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Thursday, April 24, 2014
Trinidad & Tobago Guardian Online
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Pastor Niles makes a Break Through
Born into a musical family, it was pre-ordained that Minister St Clair Niles, once a plumber, would eventually become a singer and a recording artiste. The worship minister at Rhema Fellowship Ministries, in Barataria, Niles credits his father as his biggest influence in music. “My father was a musician who played in church,” said Niles, “playing almost every instrument, organ, piano, everything.
“As a child, I was involved with National Biennial Music Festival as my school, San Juan Government Secondary School, was very successful in the festival. My teacher, Sylvia Robin, was very good at what she did, nurturing young talent. In the 1970 music festival, Assad Mohammed, myself and Dominic Kalipersad, from TV6, performed in the Boys’ Trio category and we became champions. I can’t forget that. The name of the song was Chumbara. I was also a winner in the Duet category, singing with Peter Soon, and made it to the champions final as a soloist; but didn’t win.”
“After school, I discontinued singing and it was only when I became more deeply involved in the church, around 1981, I returned to singing. It all began at a church carnival camp, when a talent show was held. I took part and was ‘discovered’. I’ve been singing ever since. I became the soloist in the church and its worship leader, and I am now the worship minister at Rhema.”
An ordained pastor of the gospel for 21 years, Niles said: “God has given me the blessing to write my own songs, and all the songs on my Break Through CD are originals, written by me. I can only describe my songwriting as inspirational; songs just come into my head. I can’t just sit down with a pen and a piece of paper and write a song. For instance, the first song on the CD, Unto You, came to me one day while standing in a line in the bank. Sometimes songs come to me while having breakfast, lying in bed, on a boat ride, just so out of the blue. Behave Yourself was written while I walking through Port-of-Spain, after seeing a schoolboy killed in Laventille.”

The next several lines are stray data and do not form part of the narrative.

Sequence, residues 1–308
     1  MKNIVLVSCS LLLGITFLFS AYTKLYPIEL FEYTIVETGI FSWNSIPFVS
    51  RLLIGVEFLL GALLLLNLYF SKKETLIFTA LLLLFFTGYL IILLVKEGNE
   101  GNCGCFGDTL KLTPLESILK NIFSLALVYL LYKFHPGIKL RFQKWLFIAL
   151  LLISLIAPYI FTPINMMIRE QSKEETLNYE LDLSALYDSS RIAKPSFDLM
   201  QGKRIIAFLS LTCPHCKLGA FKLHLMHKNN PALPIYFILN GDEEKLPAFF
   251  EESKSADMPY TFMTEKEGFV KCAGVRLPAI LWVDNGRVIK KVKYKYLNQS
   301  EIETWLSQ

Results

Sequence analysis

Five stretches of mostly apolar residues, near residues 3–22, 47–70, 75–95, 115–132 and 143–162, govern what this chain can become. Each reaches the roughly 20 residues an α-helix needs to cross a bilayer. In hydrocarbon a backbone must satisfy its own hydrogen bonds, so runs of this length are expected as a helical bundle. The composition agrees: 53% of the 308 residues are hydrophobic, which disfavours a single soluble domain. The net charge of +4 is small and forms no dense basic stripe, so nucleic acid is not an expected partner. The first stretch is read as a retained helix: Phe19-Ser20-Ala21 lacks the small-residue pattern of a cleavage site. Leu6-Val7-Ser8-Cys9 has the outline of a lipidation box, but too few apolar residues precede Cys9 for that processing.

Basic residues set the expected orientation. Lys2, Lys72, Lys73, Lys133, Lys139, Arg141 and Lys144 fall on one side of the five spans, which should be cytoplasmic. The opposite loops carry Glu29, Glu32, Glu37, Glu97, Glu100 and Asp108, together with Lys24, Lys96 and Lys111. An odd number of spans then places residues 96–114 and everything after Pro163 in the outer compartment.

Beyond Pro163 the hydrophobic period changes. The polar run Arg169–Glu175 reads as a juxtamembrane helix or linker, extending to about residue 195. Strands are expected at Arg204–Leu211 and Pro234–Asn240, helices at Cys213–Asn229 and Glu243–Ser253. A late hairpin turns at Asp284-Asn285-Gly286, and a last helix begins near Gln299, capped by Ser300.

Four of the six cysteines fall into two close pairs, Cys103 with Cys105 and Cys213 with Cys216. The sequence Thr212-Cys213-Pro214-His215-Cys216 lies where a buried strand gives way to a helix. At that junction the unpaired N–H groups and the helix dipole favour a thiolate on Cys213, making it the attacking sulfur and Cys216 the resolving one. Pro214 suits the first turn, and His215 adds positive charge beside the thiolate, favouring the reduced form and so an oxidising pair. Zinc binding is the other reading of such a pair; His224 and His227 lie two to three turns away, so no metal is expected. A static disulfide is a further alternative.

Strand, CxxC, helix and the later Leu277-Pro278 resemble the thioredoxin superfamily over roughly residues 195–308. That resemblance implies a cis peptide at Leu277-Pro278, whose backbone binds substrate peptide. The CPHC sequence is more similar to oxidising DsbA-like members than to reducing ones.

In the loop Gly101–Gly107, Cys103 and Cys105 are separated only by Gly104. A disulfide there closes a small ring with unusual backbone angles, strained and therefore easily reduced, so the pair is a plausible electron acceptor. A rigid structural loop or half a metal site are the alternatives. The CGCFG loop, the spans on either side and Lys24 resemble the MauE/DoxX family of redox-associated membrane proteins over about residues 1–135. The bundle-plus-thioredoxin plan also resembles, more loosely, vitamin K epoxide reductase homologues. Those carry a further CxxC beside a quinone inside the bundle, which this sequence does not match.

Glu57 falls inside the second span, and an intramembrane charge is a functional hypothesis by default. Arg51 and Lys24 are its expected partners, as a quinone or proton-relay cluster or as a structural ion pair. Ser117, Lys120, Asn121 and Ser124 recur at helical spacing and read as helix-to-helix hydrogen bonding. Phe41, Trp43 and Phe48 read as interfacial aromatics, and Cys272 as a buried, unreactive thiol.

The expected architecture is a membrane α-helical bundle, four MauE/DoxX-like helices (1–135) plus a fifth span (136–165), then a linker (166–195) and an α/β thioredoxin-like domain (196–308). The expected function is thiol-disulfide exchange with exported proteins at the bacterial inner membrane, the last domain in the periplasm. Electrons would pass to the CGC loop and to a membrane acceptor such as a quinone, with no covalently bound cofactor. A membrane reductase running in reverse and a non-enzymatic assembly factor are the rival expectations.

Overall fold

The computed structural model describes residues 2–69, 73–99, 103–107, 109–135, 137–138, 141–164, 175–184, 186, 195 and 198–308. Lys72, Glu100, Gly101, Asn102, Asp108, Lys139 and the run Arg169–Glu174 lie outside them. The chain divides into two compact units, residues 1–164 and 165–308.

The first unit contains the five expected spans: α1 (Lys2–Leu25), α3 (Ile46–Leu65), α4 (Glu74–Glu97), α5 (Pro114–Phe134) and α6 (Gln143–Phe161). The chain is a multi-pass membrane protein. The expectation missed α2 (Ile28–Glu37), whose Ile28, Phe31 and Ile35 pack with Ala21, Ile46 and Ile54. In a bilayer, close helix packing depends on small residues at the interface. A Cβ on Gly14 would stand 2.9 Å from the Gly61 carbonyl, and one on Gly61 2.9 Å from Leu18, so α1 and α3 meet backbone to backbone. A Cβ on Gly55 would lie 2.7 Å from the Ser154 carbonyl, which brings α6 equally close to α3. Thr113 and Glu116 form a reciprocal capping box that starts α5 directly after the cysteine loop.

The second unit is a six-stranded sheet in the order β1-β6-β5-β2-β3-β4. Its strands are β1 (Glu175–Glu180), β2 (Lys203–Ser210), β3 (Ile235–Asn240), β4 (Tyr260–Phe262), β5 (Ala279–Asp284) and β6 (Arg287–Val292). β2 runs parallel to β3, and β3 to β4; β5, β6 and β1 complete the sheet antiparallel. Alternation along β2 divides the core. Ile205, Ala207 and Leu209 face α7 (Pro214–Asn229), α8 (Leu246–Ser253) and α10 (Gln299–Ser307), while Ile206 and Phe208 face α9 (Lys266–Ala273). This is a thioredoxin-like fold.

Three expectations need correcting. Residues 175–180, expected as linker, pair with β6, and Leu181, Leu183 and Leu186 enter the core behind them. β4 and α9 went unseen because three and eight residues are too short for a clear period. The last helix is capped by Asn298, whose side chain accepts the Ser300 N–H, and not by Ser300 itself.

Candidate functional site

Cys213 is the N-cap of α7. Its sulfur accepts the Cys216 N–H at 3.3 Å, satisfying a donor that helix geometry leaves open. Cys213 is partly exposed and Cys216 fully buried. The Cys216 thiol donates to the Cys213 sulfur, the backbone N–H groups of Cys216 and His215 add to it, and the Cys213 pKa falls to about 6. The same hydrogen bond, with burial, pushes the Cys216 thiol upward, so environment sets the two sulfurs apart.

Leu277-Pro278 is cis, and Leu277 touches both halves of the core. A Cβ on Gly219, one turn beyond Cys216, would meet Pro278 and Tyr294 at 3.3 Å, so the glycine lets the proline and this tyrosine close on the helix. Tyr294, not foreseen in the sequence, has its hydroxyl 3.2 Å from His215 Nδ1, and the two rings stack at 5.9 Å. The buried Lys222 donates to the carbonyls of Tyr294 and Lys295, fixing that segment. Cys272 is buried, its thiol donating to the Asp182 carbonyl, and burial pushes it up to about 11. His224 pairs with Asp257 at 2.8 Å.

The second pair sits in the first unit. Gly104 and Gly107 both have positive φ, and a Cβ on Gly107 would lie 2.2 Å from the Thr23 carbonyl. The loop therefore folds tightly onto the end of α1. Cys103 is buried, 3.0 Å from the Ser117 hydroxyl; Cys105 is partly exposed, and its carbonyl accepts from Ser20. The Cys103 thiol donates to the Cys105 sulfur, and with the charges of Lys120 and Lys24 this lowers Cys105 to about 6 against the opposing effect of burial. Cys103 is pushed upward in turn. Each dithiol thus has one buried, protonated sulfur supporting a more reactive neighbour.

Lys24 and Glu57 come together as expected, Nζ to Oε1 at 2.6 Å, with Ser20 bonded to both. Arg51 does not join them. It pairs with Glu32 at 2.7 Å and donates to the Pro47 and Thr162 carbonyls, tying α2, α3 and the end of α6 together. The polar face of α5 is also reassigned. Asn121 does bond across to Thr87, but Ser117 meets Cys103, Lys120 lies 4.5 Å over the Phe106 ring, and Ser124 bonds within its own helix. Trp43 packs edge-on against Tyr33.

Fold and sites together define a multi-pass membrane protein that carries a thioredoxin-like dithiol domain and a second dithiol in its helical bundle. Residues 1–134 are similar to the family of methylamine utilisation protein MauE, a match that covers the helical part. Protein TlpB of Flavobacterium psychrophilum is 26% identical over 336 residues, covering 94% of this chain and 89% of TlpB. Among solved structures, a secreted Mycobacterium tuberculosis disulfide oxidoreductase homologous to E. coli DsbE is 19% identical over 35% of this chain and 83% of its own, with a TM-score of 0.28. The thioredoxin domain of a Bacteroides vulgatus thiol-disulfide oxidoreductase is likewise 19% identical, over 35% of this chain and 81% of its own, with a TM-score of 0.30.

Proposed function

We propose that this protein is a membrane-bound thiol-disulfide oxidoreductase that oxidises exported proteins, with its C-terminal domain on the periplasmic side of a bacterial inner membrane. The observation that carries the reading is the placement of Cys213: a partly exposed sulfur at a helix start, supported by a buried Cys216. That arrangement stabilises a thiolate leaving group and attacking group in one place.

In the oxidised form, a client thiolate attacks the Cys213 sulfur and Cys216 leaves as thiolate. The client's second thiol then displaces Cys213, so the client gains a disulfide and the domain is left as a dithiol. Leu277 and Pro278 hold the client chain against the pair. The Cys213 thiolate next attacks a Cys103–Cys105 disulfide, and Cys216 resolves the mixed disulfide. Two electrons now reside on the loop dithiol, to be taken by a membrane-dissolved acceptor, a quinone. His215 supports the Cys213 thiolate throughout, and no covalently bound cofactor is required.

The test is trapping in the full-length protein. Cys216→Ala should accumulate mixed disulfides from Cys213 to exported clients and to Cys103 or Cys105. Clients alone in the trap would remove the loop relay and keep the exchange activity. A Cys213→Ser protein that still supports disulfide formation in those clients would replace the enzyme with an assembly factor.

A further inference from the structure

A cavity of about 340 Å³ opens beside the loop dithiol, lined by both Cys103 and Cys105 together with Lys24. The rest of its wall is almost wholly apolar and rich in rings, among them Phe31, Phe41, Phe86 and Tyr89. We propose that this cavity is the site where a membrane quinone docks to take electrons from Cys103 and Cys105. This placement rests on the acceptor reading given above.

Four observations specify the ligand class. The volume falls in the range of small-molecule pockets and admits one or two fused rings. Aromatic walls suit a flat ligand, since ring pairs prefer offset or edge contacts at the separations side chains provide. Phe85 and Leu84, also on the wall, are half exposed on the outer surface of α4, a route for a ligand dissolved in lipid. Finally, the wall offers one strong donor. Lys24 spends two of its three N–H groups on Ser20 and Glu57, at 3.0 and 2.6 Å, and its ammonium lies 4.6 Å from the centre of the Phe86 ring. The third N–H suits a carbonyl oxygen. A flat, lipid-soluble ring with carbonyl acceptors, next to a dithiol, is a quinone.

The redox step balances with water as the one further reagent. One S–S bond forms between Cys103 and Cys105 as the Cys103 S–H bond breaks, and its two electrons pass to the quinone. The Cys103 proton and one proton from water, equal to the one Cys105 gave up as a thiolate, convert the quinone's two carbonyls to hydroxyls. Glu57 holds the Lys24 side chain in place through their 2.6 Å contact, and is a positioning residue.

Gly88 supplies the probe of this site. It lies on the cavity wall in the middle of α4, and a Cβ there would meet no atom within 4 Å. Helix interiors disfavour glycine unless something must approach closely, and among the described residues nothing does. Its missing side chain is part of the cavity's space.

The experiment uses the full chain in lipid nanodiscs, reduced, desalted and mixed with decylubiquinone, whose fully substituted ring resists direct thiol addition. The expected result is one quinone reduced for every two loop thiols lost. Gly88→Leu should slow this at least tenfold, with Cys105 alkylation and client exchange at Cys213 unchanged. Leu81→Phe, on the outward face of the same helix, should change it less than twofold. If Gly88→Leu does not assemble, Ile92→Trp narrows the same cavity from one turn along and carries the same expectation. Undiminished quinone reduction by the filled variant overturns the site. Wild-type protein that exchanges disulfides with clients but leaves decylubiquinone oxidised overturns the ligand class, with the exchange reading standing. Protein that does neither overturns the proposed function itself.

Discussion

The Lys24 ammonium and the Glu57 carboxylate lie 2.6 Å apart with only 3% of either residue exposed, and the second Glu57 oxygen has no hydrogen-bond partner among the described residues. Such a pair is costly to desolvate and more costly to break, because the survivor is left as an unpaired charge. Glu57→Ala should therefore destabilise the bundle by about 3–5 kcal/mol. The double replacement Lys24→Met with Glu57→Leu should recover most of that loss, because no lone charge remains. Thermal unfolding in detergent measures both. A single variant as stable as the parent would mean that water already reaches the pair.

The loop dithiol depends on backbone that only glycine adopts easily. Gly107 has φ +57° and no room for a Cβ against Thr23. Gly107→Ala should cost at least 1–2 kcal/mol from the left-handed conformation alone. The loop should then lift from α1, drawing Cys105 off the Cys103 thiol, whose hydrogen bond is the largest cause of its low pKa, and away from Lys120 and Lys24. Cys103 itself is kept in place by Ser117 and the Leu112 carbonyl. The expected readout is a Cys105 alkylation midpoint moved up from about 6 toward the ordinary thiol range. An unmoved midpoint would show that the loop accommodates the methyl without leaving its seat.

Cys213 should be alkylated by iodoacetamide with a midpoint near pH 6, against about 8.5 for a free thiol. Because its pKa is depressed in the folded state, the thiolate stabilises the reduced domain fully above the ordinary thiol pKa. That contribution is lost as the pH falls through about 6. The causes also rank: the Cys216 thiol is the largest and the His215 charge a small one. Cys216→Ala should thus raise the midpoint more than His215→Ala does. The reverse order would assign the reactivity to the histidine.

Niles did his first solo concert in 1983—St Clair Niles in Concert—at San Juan Pentecostal Church and hasn’t been able to produce another since. He explained: “I am stretched in so many different directions that it is difficult to properly stage a concert.”
In 1997, Niles won the National Local Gospel Song Festival, staged at Naparima Bowl, San Fernando, and one of his prizes was a one-year recording contract. “The CD was supposed to have been started since back then,” said Niles, “but then I had no songs. For quite some time I wasn’t of sufficiently good voice to do a CD. It was mainly through the cajoling of the producers—Cyril and Cee Jay Perez—and singer Tenille Lewis, that I finally buckled down and completed the project. I know I can do much better work than what is heard on the CD.
“I have received tremendous assistance from several people in the background in making this CD possible. Among these people are Mark and Diane Alexis and Fausta Houllier, and sponsors Lee Quin’s Contractors and Christian Printers.”
Niles doesn’t think that Break Through has made a breakthrough as yet. He said: “These songs are good songs, all with positive messages, for every one. I would really like all music lovers to get the opportunity to hear my music.”
Break Through is at all local gospel radio stations, and has also been sent to North America, Australia and a few Caribbean islands. Niles said a second CD is in the making. He said: “I have enough written material to do at least two more CDs right now. But, producing a CD is expensive business so I’ve got to consolidate and build.”
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